• Yeah, I understand. We like to hope that in our personal relationships we will be judged on the basis of merit and not race, gender, sexual preference, etc… But many people are not willing or able to look past those biases.

      But I’m not sure what this says about racism in general. Who has the power to do the most harm?

  4. “…and some pundits have gone so far as to call white nationalism the greatest standing threat to national security.”

    I see it as another opportunity for some pundits to attack whites, Bob. There are people whose first instinct in any situation is to blame whitey. It requires an assumption that only whites are capable of negativity and whatever otherwise negative actions are taken by non-whites should be viewed as benevolent, almost heroic, reactions to the evil perpetrated by whites.

    As sad as it makes me to say this, I think what you wrote here is a representative example of what I am talking about. Your theme is that unless “good” whites start working with non-whites to squelch the natural proclivities of the average white person to oppress others, we may face a crisis of monumental proportions. Since whites will be in the minority by 2042, they should learn humility before then. It doesn’t seem to bother you that many non-whites demonstrate belligerence, racism and xenophobia as bad as the worst of white supremicists.

    I don’t think what you are concerned about will come to fruition. It was whites who were oppressors, but it was also whites who were liberators. It was whites who passed legislation for the Voting Rights Act, Civil Rights Legislation, the 14th Amendment, and hundreds of other laws that ensured the rights of non-whites were made clear. It was hundreds of thousands (millions) of whites that marched arm in arm with non-whites to protest abridgement of those rights. And it was millions of white that marginalized white supremacists and still keep them on the fringes of society. And when the time comes and whites become a minority, they will accept it with grace.

    The REAL question should be: How will the new majority act when they find they have the power to effect change? Will they be inclusive? Or will they put roadblocks in the path of the minorities over which they now loom? From the indicators I see, that transition may not be as benevolent as one might hope.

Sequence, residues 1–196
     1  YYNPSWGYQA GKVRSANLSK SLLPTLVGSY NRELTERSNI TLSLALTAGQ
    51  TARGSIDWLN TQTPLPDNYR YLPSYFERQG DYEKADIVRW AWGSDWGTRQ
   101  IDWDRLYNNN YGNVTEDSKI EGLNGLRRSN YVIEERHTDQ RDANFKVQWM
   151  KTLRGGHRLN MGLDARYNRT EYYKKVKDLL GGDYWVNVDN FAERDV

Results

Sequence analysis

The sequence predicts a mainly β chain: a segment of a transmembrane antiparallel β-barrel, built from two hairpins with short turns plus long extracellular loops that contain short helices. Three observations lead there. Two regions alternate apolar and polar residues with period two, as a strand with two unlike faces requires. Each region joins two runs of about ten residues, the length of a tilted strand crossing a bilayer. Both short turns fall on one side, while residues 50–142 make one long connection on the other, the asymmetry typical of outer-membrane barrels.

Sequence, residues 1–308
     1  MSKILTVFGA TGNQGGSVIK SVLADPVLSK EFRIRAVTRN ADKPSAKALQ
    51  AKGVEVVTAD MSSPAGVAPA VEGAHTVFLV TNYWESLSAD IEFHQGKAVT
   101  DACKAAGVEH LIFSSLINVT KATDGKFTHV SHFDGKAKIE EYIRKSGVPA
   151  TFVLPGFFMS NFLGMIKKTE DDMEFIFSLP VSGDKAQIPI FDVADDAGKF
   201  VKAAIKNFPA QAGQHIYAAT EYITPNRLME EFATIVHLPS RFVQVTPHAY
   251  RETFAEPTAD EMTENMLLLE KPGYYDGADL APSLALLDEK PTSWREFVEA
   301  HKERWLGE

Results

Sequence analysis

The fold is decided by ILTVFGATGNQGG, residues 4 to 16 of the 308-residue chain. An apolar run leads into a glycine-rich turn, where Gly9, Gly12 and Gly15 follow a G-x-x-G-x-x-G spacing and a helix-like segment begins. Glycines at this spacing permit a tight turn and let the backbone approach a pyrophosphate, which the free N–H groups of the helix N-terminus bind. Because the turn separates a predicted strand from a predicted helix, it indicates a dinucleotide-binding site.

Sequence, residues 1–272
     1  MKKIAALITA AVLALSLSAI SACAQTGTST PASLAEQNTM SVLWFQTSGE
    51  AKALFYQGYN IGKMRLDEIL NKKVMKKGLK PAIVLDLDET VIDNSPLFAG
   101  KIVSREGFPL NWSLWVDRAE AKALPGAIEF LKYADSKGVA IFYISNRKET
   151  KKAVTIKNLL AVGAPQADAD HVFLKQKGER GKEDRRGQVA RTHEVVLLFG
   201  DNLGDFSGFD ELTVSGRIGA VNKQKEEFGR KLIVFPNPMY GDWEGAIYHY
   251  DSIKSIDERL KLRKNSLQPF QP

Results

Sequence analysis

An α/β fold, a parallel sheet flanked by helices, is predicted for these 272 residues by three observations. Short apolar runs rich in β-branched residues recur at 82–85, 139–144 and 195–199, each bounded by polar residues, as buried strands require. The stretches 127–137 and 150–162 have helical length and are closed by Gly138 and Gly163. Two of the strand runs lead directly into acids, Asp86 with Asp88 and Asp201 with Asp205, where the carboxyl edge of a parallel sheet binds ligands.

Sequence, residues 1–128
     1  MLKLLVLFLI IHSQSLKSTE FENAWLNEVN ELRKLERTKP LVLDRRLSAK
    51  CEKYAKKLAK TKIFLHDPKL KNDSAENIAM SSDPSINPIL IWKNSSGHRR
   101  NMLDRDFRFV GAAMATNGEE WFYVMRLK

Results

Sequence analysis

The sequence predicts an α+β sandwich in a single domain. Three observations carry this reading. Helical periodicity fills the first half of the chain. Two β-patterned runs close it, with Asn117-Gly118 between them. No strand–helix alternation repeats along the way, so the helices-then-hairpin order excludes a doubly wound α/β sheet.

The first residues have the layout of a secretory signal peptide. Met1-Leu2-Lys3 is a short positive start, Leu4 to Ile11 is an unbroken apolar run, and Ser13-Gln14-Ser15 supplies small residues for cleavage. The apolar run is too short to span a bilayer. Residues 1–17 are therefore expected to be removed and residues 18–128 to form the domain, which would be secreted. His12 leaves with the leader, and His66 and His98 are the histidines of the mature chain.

5. Senator John Kavanagh

    Most of the post-election violence I have read about and seen on TV is coming from the left and it is pretty ugly. Also while white supremacist no doubt choose Trump over Clinton, much like communists chose Clinton over Trump, to say that Trump’s base was made up of white supremacists is unsubstantiated and not true.

    • ArizonaEagletarian

      Well, considering the source, it’s likely that you get your news from the alt-right.

      • And there is every likelihood that you get your news from leftist sources. If your point was that sources from the right are biased, I would have to say sources from the left are equally biased.

        Of course, in the case of post-election violence, you only have to watch the nightly TV news on any channel to know it isn’t Trump supporters that are marching and rioting because Trump was elected President. Or do you disagree with that?

        • Frances Perkins

          Among the worst outcomes of the destruction of the American newspaper journalism industry has been the kudzu like growth of false equivalencies. This has been revealed in the never ending laziness of today’s so-called journalists to report the truth, or to critically analyze statements for accuracy. The majority of reporters, in all media are lazy. It is just easier and faster to state false equivalencies than to do actual research and in depth work to get at the truth. Thus the American people get nothing but road apples masked as journalism. And now the American people will get public policy the same way. No reality, tons of fantasy, and false data. I am afraid many, many of this person’s supporters will pay the price of fantasy and false equivalencies.

          • That was an extremely vague response. Am I to take away from it that since leftist news sources are not likely to dominate in the coming years that there will be no news coming forth? Do you believe that only the left speaks truth?

    • Haha– like communists want ANYTHING to do with corporate Clinton. That’s just funny.

  6. I’m puzzled. Bob Lord spent a year telling us how horrible Hillary Clinton was, and told us he was supporting Jill Stein.
    Now he wants to tell us that things might not go so well with Donald Trump, who he did everything he could to elect.
    Bob, you have zero credibility in my book to lecture us about a thing for the next four years.

    • If you read the post more carefully, you may be a bit less puzzled. Or maybe not. I think I’m good with you not reading my posts for the next four years.

    • If you think third parties lost the election for Clinton, you’re the one with zero credibility. Clinton lost the election for herself with the help of the corrupt DNC.